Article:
Automatic train stop

An automatic train stop or ATS is a system on a train that automatically stops a train if certain situations occur (unresponsive train operator, earthquake, disconnected rail, train running over a stop signal, etc.) to prevent accidents. In some scenarios it functions as a type of dead man's switch. Automatic train stop differs from the concept of Automatic Train Control in that ATS does not feature an onboard speed control mechanism.


Mechanical ATS system formerly used on Tokyo Metro Ginza Line

Mechanical systems

See also: Train stop

The invention of the fail-safe railway air brake provided an external means for stopping a train via a physical object opening a valve on the brake line to the atmosphere. Eventually known as train stops or trip stops, the first mechanical ATS system was installed in France in 1878 with some railroads in Russia following suit using a similar system in 1880. In 1901 Union Switch and Signal Company developed the first North American automatic train stop system for the Boston Elevated Railway. This system was soon adopted by the New York City Subway and other rapid transit systems in the United States.[1]

Mechanical ATS was more popular on rapid transit systems and dedicated commuter rail than freight or long distance passenger lines due to a combination of the increased complexity found in mainline railroad operations, the risk of inadvertent activation by debris or other wayside appliances, and the danger of emergency brake applications at high speeds. Moreover, the forces involved in a physical tripping action can begin to damage both the wayside and vehicle borne equipment at speeds over 70 miles per hour (110 km/h).

In 1910 the Pennsylvania and Long Island Rail Roads installed a mechanical ATS system covering various lines to New York Penn Station using the patented Hall trip value which was designed to prevent inadvertent activations from debris, however the system was only installed those locomotives and multiple units traveling to Penn Station and did not see further adoption.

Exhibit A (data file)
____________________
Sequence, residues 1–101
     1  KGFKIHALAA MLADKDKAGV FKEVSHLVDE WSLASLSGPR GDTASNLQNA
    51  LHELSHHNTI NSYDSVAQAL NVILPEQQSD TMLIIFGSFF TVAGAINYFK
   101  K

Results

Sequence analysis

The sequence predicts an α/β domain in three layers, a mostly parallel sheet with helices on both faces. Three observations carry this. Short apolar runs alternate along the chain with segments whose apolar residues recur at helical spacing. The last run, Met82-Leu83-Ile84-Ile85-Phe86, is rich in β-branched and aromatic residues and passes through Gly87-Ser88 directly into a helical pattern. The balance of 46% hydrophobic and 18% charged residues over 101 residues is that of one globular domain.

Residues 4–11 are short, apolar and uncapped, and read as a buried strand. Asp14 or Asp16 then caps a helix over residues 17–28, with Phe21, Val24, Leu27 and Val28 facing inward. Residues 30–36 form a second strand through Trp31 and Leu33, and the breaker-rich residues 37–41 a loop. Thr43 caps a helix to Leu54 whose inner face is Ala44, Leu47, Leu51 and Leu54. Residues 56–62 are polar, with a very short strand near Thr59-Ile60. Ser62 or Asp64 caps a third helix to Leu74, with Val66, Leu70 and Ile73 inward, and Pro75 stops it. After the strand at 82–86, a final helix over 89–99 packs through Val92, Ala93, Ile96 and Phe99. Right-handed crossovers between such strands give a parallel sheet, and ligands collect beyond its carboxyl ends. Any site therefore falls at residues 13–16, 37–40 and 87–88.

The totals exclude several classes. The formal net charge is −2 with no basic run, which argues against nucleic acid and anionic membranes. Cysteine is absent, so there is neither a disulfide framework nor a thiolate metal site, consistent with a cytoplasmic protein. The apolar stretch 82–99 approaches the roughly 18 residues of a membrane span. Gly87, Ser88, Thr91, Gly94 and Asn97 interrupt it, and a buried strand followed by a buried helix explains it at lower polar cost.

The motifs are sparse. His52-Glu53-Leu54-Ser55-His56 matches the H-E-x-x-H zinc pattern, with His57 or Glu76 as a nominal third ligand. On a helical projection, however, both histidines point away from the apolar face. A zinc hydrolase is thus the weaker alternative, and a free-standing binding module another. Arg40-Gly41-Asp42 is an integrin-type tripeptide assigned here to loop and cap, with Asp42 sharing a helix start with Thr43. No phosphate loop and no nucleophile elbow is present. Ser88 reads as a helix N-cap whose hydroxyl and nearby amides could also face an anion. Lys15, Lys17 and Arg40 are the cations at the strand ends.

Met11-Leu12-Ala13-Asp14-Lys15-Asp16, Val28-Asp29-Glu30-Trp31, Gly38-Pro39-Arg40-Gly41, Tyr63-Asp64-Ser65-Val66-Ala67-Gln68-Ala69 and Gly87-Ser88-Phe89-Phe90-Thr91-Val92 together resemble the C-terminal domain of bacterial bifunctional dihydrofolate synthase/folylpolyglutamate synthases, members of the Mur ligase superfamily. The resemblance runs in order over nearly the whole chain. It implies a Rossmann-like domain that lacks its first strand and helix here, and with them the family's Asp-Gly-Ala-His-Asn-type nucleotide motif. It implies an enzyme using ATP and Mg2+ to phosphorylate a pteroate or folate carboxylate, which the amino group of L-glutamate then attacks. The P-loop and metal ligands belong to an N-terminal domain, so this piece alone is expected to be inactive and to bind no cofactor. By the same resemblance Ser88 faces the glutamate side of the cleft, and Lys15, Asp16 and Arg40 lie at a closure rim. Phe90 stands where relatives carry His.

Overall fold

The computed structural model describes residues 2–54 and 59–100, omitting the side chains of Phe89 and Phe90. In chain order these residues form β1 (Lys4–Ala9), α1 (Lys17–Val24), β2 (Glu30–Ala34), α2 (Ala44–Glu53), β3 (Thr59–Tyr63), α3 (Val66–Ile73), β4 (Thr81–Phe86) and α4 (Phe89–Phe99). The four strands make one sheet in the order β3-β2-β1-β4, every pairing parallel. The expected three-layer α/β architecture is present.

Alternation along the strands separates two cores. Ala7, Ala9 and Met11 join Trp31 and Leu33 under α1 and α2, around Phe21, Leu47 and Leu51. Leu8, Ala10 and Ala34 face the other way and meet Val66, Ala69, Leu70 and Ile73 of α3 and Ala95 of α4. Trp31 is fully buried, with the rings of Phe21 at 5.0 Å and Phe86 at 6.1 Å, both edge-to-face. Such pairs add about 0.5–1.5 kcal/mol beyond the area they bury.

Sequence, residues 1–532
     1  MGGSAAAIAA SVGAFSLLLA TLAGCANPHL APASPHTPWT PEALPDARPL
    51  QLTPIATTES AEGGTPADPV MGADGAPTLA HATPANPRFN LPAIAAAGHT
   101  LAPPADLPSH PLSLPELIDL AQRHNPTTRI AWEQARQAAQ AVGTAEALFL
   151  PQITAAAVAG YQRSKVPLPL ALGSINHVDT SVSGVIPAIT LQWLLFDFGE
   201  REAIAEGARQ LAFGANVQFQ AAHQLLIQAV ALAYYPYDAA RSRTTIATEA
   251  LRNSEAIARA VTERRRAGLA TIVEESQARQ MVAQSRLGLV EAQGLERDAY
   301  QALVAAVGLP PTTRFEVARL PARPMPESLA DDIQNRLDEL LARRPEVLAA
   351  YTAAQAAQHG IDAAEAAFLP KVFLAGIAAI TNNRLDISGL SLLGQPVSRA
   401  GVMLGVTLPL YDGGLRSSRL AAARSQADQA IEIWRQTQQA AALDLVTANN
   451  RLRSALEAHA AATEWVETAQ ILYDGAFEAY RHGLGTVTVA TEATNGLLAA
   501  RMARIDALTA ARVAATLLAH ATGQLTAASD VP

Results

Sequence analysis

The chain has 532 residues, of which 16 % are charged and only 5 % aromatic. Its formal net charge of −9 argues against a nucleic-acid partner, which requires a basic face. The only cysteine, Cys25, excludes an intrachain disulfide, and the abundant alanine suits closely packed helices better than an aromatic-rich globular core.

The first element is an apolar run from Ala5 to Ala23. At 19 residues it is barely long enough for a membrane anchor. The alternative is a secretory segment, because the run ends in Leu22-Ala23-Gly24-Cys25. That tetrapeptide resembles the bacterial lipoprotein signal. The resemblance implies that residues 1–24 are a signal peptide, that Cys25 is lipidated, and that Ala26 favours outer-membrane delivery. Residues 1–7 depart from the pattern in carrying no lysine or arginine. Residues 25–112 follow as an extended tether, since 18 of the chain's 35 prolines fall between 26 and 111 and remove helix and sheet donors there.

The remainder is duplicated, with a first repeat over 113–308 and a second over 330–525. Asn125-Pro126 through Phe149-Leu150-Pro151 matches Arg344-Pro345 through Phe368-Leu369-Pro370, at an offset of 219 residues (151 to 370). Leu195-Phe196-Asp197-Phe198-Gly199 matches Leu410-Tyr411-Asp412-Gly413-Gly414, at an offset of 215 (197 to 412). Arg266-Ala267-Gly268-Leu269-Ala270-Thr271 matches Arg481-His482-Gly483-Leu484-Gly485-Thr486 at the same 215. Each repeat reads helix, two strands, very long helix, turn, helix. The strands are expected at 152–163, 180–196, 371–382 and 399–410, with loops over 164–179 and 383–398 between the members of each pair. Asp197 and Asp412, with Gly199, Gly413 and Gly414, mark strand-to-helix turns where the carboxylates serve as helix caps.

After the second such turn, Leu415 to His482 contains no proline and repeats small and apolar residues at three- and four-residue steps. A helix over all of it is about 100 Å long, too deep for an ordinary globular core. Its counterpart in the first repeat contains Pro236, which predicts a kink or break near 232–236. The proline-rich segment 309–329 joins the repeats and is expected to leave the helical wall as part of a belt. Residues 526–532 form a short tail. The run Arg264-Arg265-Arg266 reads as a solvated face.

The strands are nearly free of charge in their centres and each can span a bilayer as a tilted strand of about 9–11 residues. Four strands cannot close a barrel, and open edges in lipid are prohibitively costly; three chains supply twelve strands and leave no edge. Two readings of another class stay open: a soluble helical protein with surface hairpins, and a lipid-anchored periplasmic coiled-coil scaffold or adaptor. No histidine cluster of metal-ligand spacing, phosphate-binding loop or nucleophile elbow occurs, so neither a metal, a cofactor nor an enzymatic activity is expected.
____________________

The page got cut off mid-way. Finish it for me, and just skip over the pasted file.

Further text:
While similar in operation mechanical systems around the world are generally incompatible due to the wide variety of vehicle dimensions and track gauge which will result in the mechanical stopping devices not engaging the onboard valve.

Electronic systems

ATS pickup on the leading truck of a San Diego Coaster F40PH

Electronic systems make use of electric currents or electromagnetic fields to trigger some action in the locomotive cab. While mechanical systems were generally limited to venting the brake pipe and triggering an emergency stop, electronic systems can trigger other actions such as an acknowledgment from the driver, cutting power or a less severe application of the brakes. Without physical contact electronic systems could be used with higher speeds, limited only be the equipment's ability to sense the signal from stop devices.

The first such electronic system was Le Crocodile installed on French railways starting in 1872 which used an electrified contact rail to trigger an acknowledgment from the driver. If no such acknowledgment was made in 5 seconds the train would be stopped. In the UK the Great Western Railway implemented a similar system in 1906 dubbed Automatic Train Control that served as the template for the magnetic based Automatic Warning System, which ultimately replaced it starting in the 1950s.

In the United States, the General Railway Signal corporation introduced its Intermittent Inductive Automatic Train Stop system in the 1920s which made use of inductive loops in a "shoe" mounted outside of the running rails. This system was also of the acknowledgment type and was adopted by several railroads, continuing to see service as of 2013.[2]

In 1954, Japan introduced ATS-B, the first known variant of ATS. In 1967, ATS-S (and its various supplements) was invented, the first non-contact-based ATS to be used; in 1974, ATS-P was used for the first time, and in 1986, H-ATS was invented.[3]

Usage around the world

United States

The majority of systems meeting the definition of Automatic Train Stop in the United States are mechanical trip stop systems associated with rapid transit lines built in the first half of the 20th century. Since 1951 ATS has been required by the Interstate Commerce Commission (later the Federal Railroad Administration) as a minimum safety requirement to allow passenger trains to exceed a speed limit of 79 mph (127 km/h). The regulatory requirement refers to a system that triggers an alert in the cab of the locomotive whenever the train passes a restrictive wayside signal and that then requires the locomotive engineer to respond to the alert within a set period of time before the brakes are automatically applied.